- Kroch Library, Michael T. Sillerman '68 Rotunda
“Artists are here to disturb the peace.” -- James Baldwin 1961
Through her actions and photography, Jessica Tanzer disturbed the peace. The tradition of Pink Saturday, a street party on the eve of the San Francisco Pride Parade, started as an ACT UP headcount from the ledge outside Tanzer’s apartment window in June 1990. Members of the AIDS Coalition to Unleash Power (ACT UP) had come from all over the world to protest the 6th International AIDS Conference. Tanzer helped plan, participate in, and photograph the demonstration. She did the same for Bad Cop No Donut protests of the excessive force city police used against queer people. Further, the anonymous cultural activist collective Boy With Arms Akimbo/ Girl With Arms Akimbo regularly appropriated Tanzer’s photography for their protests against censorship and AIDS.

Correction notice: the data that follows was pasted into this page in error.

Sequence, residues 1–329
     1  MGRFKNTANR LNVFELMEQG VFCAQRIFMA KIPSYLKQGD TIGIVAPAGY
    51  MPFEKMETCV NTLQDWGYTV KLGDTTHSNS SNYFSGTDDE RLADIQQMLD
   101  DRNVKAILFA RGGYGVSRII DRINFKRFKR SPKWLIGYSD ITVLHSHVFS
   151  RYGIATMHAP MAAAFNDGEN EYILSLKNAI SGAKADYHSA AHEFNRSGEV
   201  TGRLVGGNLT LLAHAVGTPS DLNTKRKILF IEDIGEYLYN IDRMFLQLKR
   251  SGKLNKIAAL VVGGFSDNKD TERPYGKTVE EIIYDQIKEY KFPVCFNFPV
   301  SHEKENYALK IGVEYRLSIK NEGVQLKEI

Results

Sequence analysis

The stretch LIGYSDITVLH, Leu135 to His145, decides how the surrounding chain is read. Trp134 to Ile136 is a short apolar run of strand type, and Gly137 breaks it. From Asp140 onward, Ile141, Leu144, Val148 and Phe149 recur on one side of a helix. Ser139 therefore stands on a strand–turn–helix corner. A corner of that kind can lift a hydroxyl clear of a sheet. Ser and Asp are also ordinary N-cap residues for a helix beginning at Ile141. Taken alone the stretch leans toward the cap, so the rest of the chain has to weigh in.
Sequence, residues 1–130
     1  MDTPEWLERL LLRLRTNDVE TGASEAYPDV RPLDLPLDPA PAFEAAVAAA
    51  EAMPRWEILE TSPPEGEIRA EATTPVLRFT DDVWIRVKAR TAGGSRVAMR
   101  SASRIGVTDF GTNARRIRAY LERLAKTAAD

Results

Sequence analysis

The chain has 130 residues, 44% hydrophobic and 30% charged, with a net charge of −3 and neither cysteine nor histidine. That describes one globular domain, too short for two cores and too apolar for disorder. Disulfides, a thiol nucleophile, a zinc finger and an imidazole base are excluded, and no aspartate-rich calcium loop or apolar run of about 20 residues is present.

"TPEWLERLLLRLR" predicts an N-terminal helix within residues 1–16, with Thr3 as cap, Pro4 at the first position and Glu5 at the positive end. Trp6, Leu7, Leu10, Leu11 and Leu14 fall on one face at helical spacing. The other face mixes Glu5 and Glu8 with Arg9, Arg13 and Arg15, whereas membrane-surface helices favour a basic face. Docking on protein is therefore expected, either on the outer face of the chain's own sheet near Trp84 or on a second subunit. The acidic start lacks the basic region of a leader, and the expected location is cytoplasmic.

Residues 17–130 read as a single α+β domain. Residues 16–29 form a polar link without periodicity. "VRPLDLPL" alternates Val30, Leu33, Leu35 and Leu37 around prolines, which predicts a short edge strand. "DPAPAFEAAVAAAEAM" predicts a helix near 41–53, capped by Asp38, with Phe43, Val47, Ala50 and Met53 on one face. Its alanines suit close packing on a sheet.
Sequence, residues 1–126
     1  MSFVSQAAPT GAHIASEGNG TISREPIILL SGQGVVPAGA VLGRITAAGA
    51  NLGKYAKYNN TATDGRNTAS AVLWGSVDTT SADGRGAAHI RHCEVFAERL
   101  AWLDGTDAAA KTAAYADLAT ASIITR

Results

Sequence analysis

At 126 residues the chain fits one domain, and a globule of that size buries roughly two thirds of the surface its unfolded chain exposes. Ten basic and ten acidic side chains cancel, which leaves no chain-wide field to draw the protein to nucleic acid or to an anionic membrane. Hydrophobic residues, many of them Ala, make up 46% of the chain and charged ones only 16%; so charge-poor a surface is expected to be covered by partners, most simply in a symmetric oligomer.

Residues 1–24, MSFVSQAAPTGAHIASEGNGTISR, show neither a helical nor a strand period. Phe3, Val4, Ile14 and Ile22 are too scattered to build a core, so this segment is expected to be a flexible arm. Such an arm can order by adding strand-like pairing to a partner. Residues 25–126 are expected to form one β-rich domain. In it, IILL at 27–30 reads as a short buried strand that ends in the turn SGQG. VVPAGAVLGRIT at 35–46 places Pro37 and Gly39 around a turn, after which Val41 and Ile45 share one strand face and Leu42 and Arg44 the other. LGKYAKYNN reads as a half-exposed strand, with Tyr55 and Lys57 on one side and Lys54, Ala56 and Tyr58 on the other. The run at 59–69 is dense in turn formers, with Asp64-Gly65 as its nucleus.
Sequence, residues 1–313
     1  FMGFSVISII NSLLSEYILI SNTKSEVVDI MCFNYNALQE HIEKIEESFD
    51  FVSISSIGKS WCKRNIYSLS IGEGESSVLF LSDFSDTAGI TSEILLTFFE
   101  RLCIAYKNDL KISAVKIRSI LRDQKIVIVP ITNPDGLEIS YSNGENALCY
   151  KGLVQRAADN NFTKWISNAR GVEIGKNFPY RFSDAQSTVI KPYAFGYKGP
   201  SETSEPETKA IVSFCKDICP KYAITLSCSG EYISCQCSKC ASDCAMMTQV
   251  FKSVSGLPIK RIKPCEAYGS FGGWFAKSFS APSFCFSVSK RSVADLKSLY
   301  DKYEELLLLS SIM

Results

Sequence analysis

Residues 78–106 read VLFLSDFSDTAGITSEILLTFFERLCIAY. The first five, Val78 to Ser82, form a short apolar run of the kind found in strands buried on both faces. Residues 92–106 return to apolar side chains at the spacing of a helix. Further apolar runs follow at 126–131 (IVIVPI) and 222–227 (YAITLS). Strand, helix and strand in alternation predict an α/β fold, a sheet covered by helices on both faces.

Through her actions and photography, she also sought to bridge cultural divides. She toured mainstream America with her art to show that the things people may fear about LGBT people were undeniably beautiful and not harmful to see. One of her portraits of dancers from The Box, an all-genders queer nightclub run by DJ Page Hodel, became an iconic image celebrating LGBTQ love and community, appearing widely in print and exhibits. This and other images of The Box dancers and the San Francisco queer community in protest, in love, and in life fill the walls of this exhibition.
This exhibition was curated by Brenda J. Marston, Curator of the Human Sexuality Collection at Cornell University Library. All materials are drawn from Jessica Tanzer's Papers in Cornell Library’s Human Sexuality Collection.
Presented in conjunction with two companion exhibitions: Berenice Abbott: Portraits of Women, 1925–1930 at the Johnson Museum of Art and Radical Desire: Making On Our Backs Magazine in Kroch Library’s Hirshland Gallery. Images by Tanzer also appear in the Radical Desire exhibition.